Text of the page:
Plastic Matters

plastic blog 1

It may come as a bit of a surprise to those that know us as a sheet metal fabricator, that a core part of our business is painting plastic components.

Over many years we have been involved in the process of refurbishing plastic components to a high standard. The different demands in finishing plastic against our traditional metalwork have resulted in us setting up a dedicated cell to control the process. The first challenge is to choose the right paint. The preferred choice is something that will air dry as plastics tend to melt at a low temperature and therefore cannot be cured in an oven.

Preparation is key prior to paint. A number of techniques are used to ensure the surface has been cleaned and conditioned, including the application of anti-static chemicals. After preparation a suitable polyurethane primer is then applied ensuring good adhesion between the base material and top coat. A colour specified top coat application is then added which in most case uses two-pack polyurethane, as it is both flexible and hard wearing. The product is then held in a dust free environment for a minimum of 24 hours to allow the paint to air dry before being handled again.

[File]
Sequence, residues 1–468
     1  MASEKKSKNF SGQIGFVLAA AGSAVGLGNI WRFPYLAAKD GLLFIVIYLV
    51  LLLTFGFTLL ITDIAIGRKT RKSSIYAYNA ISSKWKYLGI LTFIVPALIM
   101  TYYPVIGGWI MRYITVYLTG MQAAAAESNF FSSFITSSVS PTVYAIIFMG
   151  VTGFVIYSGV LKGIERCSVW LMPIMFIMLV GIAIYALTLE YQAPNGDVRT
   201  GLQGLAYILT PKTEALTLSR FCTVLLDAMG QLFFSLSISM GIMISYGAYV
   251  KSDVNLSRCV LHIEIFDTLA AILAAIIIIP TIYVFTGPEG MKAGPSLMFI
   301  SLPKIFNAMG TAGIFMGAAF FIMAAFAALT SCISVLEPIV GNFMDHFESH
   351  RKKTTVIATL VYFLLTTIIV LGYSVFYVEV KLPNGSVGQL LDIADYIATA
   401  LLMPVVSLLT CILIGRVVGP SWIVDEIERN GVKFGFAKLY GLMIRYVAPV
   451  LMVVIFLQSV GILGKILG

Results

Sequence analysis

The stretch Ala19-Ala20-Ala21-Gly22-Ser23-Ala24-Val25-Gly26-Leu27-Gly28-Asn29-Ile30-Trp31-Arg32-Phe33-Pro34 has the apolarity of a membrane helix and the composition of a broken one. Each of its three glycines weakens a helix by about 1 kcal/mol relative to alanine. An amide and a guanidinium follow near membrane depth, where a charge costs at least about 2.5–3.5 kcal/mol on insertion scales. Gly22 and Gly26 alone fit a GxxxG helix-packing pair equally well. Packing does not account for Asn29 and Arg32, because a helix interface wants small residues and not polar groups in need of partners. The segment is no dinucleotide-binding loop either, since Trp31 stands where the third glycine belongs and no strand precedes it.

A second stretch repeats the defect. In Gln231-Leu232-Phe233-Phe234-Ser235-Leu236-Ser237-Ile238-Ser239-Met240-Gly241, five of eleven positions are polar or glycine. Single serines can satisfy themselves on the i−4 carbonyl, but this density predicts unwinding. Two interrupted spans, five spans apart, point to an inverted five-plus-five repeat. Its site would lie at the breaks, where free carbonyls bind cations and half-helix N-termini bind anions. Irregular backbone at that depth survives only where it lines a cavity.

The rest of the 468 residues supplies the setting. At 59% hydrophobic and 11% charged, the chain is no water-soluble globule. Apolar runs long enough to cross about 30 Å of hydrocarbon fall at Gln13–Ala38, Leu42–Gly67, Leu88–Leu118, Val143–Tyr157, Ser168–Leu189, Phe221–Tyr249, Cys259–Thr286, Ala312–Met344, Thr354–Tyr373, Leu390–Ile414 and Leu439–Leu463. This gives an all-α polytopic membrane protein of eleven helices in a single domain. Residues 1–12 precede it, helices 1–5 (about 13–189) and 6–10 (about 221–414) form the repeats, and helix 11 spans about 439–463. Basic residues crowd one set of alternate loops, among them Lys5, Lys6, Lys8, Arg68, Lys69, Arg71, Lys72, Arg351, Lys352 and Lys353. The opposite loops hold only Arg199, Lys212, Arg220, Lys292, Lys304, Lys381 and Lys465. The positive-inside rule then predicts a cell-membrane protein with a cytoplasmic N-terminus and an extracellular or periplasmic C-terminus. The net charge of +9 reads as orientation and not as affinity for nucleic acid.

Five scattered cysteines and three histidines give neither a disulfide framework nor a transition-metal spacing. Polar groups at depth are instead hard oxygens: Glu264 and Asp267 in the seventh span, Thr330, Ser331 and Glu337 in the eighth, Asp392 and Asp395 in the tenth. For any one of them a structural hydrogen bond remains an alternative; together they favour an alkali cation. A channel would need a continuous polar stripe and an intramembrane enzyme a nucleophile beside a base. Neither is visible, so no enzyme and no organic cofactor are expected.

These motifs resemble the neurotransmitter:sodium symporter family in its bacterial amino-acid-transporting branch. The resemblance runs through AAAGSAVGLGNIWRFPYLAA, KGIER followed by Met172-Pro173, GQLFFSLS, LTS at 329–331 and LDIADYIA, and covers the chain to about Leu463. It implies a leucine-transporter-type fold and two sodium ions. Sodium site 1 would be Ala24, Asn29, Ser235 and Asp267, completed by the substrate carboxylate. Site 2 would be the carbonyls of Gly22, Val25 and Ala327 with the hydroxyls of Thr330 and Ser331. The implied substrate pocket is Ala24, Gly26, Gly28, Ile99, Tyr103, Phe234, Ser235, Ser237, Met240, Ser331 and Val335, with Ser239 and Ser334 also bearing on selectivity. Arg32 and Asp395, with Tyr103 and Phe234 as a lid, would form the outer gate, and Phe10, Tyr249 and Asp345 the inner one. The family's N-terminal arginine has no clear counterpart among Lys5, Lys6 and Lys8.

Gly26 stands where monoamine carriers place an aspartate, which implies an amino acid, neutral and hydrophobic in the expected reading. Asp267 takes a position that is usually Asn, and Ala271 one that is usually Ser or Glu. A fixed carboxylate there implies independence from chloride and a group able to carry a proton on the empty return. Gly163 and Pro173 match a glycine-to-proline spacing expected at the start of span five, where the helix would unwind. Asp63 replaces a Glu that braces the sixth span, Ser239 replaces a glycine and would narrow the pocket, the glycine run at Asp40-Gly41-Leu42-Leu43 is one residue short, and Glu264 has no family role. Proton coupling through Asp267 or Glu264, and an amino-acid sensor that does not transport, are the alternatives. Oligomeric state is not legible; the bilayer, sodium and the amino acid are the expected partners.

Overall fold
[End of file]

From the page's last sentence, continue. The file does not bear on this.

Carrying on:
The final process can also include a clear varnish coat, which not only provides additional protection but will also enhance the final appearance.

In an age where environmental factors are a priority, refurbishing plastics components back to ‘new’ condition is the most economical method and painting plays a key role in making this happen.


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